I'd concur withon his thoughts on the upcoming revolution that is already transforming journalism today. But I think it will also transform more than just journalism. It will transform sensemaking. Human ability to analyse and make sense out of data will need to be done on an increasingly abstract level: today, analysis and synthesis is still heavily human-operated. But this does not have to be the case, and as algorithm accuracy starts to cross the 80% and 90% thresholds for identifying and handling literary devices and emotions correctly, we should start to see some close-to-sentient analysis and story production.
And sure, when we move to that state, we will still need humans to do some of that work. But many things can be accomplished without human intervention at all. Indeed, superfluous workers would likely be the status quo. This breaks the economic model that we currently live in – and that will be another society-rocker change. How will society cope? What socioeconomic models will develop?
On a side note, I will bet that there is no large difference on computer-generated general news articles and computer-generated technical articles, for those journalists who think that specializing in a particular technical vocabulary brings a selling point.
Reshared post from +Thomas Baekdal
Robots are taking over the role of reporting news, especially when it comes to the type of news that is based on merely being the bringers of news.
One example from yesterday was an article about the earthquake in LA, which was covered in this story, written entirely by a computer: http://goo.gl/TfNw8a … and compared to so many other stories, I actually find this to be one of the best. Especially if you compare it to articles like this one from the Associated Press, which is filled with irrelevant fluff: http://goo.gl/L6eNkx
What possible value does it have to send out a journalist to get eyewitness reports like this: "My dog got out of bed, and she came looking for me," Smith said. "She was shivering terribly."
But how good is automatic software-based reporting really? The answer is very, very good… at least according to a new study from Sweden.
Christer Clerwall, from Karlstad University in Sweden decided to do a 'blind test', asking students to compare news reports done by both journalists and software algorithms. The result was that the software algorithms are now just as good at writing news reports as people.
As you can see from the graphs below, when it came to how the story was perceived, journalists and software algorithms were nearly identical. The only slight difference being that journalistic-written articles appeared slightly better written, although less useful, trustworthy, and informative.
In other words, journalists are better storytellers, but their stories are just not that good.
Even more interesting is when you he asked them to guess who had written the article. 56% responded that they thought the articles written by journalists were actually written by a computer, while 37% thought journalists had written those made by a computer.
In other words, in terms of simply being the bringer of news, journalists have now been outcompeted by software. People can't tell the difference, and, as we all know, software algorithms can work much faster, more accurate (if the data is accurate of course), and 24-7 at almost zero cost.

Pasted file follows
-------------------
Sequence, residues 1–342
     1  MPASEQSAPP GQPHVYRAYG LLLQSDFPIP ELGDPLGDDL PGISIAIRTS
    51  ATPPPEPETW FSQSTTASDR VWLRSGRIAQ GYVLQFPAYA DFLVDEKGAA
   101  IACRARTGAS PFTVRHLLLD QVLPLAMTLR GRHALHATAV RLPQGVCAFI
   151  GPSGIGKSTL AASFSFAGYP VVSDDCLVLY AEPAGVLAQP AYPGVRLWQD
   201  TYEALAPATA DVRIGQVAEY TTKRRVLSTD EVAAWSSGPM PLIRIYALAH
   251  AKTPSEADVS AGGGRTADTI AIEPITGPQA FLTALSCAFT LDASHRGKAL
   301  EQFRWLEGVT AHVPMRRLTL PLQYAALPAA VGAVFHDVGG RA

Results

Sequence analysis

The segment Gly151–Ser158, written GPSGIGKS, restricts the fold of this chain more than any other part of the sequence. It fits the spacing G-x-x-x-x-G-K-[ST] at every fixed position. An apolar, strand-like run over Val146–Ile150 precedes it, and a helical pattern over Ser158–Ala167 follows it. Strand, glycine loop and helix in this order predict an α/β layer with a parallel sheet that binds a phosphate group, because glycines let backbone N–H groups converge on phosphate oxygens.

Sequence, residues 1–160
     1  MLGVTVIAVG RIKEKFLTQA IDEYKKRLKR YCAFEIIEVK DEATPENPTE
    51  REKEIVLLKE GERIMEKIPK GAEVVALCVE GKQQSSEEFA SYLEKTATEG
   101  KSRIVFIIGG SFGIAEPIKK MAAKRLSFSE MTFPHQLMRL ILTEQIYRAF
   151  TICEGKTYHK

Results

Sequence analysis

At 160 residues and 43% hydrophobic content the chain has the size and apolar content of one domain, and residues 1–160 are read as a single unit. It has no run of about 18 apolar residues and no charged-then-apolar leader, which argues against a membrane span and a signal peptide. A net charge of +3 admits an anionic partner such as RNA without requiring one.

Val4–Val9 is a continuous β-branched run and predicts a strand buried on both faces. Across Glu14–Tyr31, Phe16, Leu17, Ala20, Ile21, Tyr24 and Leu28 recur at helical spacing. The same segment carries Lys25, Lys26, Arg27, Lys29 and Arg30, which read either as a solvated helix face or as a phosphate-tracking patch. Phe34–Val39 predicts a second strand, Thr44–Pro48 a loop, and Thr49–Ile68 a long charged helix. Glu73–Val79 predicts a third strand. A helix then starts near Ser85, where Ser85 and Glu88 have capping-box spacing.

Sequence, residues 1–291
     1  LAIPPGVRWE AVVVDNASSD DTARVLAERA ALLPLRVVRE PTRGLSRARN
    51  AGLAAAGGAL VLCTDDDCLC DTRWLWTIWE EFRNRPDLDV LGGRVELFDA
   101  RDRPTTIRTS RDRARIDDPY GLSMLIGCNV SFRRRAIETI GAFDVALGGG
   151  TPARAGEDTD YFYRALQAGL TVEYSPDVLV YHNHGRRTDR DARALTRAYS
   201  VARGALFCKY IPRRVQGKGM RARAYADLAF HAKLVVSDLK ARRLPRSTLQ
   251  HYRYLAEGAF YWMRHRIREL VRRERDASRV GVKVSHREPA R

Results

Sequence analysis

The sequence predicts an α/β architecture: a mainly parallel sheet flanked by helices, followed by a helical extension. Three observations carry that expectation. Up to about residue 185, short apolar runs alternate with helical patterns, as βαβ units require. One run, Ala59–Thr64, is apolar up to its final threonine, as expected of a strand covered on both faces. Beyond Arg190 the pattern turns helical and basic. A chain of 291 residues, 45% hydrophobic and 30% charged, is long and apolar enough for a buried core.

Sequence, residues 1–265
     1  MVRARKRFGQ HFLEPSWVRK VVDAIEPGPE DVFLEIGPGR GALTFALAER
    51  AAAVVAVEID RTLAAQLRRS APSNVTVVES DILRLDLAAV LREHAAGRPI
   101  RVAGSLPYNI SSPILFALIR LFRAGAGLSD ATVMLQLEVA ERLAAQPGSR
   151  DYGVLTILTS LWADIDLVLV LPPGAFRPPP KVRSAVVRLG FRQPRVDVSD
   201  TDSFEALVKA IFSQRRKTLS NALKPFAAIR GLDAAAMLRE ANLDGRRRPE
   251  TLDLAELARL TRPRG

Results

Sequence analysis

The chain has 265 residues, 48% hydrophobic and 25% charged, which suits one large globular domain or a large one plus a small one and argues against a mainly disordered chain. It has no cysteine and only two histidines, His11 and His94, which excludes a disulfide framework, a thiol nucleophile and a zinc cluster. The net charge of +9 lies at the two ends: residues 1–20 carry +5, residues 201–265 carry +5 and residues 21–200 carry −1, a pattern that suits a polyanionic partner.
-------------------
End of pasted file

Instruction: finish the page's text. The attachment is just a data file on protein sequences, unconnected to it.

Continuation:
The old business model of being a reporter and to 'bring the news' is over. This will in the future be done completely automatically, and it's only a matter of time before the big tech companies move in. The next time there is an earthquake, Google Now, Apple Siri and Microsoft Cortana will simply read aloud the story like the one done automatically by LA Times. Several startups will try to capitalize on this by creating data-news content services. And while many of these will not succeed, the best ones will eventually be incorporated into other services.
In many ways, what is happening to journalists is the same that once happened to the fashion industry. As you may know I started my career in fashion, and the first company I worked for employed about 60 people. There were 2 sales people, 2 designers, 4 administrative staff, 3 technicians, a janitor, and about 50 seamstresses. During the time I was there, those 50 seamstresses lost their job, because the production was outsourced to Poland (and later China).
The people in Poland could do the same job, at a higher quality, with fewer resources, and much, much cheaper. A company with 60 employees could now be run using only eight – and still make the same product.
This is what's happening to journalism.
So the question all journalists should ask themselves is "are you a seamstress? …or are you a designer?" If you are merely a seamstress, i.e. a journalist merely reporting stories based on available information, your future looks bleak.
But if you are a designer, i.e. a journalist who goes beyond just reporting the news, but instead focus on providing insight, perspective, analysis, then your future is looking better than ever. In a world of data, we need people to give us perspective and to help us translate it into something that is relevant for us as individuals.
And no, this doesn't mean interviewing eyewitnesses that have nothing insightful to tell, nor does it evolve interviewing experts or pundits who merely conjecture without having any real insight. It's about being better than the news itself.
Sadly though, many newspapers are currently moving in the wrong direction with their pageview-optimized news reporting. They are trying to build traffic by bringing people even more news, not realizing that that's exactly the what automatic algorithms do best.